The unofficial results of the primary voting in Michigan from Tuesday aren't expected to be released until Wednesday, according to the Michigan Secretary of State Jocelyn Benson in a statement Tuesday evening.
Benson claims the 2018 law changes in the state allowing voters to turn in absentee ballots without explanation makes returning results on election night impossible. The unofficial results are expected to be released on Wednesday night after all collected ballots sent to the office of the Secretary of State, about 821,124, are counted.
The large amount of ballots, which accounts for voters of both Democrats and Republicans, represent a 55% increase from absentee ballots from 2016 presidential primary voters. The ballots are expected to create a particularly large workload for election volunteers as they scramble to complete the tally.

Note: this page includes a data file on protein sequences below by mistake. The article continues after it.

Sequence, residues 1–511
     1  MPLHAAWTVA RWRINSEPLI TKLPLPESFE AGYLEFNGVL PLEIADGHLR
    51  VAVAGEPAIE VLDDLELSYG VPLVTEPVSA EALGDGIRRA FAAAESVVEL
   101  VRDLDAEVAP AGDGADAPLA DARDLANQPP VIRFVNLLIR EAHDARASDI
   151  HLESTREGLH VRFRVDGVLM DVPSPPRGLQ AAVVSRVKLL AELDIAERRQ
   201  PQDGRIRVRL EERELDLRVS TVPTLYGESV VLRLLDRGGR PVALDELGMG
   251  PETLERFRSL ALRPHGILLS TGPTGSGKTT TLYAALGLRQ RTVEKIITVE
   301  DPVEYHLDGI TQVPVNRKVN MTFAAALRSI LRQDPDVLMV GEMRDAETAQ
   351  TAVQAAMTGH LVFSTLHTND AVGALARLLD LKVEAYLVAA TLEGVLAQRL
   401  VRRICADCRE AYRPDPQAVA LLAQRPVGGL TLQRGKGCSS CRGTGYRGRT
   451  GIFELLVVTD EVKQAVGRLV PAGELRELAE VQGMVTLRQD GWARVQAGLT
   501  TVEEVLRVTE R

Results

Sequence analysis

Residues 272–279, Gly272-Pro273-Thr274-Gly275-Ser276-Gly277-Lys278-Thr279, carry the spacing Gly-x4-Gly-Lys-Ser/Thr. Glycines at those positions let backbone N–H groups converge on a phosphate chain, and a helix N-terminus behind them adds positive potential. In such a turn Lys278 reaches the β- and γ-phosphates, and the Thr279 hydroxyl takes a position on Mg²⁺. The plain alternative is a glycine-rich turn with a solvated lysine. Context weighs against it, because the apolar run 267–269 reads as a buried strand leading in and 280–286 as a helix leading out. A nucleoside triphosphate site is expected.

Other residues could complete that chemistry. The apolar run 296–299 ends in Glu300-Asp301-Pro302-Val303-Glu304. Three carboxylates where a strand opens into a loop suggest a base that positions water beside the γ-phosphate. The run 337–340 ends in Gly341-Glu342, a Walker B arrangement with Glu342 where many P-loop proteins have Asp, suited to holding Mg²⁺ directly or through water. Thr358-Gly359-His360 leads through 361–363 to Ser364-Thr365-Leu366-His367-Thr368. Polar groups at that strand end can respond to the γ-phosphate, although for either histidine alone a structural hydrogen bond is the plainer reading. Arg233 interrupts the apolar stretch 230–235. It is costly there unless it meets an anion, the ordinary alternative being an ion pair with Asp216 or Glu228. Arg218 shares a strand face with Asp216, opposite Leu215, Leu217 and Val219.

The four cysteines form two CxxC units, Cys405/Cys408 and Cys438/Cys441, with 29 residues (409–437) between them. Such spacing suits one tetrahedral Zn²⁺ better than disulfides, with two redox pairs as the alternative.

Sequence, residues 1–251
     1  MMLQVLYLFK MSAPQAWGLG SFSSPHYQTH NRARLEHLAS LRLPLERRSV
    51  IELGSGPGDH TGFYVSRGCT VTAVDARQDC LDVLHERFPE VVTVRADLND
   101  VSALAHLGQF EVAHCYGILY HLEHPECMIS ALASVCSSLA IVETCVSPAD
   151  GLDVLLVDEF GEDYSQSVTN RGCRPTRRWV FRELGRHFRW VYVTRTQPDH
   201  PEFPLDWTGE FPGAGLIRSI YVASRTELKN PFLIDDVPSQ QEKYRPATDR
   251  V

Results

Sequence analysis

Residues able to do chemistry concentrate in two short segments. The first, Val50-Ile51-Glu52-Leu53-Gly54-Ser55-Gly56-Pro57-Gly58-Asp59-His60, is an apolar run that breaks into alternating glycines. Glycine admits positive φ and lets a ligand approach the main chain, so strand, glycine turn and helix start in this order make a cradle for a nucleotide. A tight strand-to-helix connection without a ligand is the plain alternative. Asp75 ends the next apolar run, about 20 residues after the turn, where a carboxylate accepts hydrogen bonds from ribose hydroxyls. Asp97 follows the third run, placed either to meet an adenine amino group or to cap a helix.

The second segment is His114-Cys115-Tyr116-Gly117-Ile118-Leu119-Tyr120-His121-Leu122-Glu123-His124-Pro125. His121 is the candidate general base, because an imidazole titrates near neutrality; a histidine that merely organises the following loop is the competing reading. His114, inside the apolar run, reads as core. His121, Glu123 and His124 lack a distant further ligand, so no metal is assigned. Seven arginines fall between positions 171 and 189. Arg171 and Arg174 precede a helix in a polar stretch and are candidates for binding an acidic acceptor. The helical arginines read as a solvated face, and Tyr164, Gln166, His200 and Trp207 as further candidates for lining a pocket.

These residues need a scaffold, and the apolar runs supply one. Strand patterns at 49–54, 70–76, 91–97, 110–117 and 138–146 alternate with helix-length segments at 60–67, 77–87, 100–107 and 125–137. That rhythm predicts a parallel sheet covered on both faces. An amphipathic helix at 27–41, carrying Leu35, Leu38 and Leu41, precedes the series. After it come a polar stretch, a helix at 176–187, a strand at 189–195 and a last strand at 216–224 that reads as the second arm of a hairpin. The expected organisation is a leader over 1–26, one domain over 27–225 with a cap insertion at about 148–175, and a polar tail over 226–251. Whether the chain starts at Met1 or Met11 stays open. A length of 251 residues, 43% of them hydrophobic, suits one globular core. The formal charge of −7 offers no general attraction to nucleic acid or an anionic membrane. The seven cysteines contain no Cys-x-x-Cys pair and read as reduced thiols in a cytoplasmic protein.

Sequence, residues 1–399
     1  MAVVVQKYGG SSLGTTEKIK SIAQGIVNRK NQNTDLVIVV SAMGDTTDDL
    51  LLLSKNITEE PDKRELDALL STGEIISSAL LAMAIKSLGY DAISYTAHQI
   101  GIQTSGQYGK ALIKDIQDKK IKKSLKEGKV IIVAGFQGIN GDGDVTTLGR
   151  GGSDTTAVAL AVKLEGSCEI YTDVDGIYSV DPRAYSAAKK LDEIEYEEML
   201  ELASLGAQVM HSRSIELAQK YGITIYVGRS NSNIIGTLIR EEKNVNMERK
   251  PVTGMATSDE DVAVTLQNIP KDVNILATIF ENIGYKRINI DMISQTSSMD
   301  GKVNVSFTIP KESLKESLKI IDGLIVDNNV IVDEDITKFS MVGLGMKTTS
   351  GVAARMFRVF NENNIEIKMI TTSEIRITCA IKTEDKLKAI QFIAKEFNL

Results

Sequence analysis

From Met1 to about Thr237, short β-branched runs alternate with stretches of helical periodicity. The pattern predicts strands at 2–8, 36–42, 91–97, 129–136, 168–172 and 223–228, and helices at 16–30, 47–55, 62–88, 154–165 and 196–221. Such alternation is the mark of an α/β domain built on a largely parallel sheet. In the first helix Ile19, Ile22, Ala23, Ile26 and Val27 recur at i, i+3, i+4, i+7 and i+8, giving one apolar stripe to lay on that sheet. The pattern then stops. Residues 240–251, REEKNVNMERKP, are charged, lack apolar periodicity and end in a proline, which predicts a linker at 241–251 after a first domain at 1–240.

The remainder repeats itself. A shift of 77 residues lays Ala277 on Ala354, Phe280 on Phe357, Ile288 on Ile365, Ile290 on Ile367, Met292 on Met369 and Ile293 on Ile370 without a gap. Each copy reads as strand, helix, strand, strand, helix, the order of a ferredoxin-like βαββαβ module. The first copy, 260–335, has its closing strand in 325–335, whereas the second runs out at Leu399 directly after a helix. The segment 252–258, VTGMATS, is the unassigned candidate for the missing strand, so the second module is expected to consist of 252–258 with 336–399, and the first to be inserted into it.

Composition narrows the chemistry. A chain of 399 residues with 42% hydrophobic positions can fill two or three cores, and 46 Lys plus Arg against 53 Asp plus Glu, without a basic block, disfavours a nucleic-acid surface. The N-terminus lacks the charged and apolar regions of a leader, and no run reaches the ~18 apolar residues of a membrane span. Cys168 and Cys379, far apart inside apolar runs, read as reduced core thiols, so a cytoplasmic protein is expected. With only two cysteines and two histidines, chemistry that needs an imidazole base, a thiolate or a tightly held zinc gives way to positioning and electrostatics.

The delay may not mean that projections for either Sanders or Biden will not be given on Tuesday night as originally thought, but with nearly 1,000,000 uncounted absentee ballots, things could change. Michigan, with 125 delegates, could be a crucial win for Sanders who is currently trailing Biden after last week's Super Tuesday results.
"This is a huge shift in workload for the clerks and there's different capacity in every jurisdiction. Our elections are decentralized so trying to execute the counting - the tabulation process - each county is handling it and each clerk is handling it," said Benson's spokesperson Tracy Wimmer.
Biden's lead on Sanders is narrow and if the socialist candidate from Vermont has a strong night Biden's sudden uptick in popularity could be in jeopardy. Michigan was narrowly won by Sanders in the 2016 primary against Hillary Clinton, though the state ultimately was claimed by Donald Trump in the general election.